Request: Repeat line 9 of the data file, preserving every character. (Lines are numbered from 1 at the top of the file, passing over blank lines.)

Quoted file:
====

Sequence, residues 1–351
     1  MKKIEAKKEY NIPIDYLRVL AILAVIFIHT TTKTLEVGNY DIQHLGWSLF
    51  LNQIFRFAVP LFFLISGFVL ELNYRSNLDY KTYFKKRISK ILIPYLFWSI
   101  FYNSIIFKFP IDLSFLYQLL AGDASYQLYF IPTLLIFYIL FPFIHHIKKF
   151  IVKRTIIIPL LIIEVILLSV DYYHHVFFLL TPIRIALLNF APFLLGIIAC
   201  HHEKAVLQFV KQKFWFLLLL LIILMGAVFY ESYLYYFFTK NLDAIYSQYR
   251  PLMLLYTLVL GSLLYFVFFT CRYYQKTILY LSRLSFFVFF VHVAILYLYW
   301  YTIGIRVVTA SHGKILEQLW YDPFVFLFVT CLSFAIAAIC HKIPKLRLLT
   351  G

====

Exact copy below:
   351  G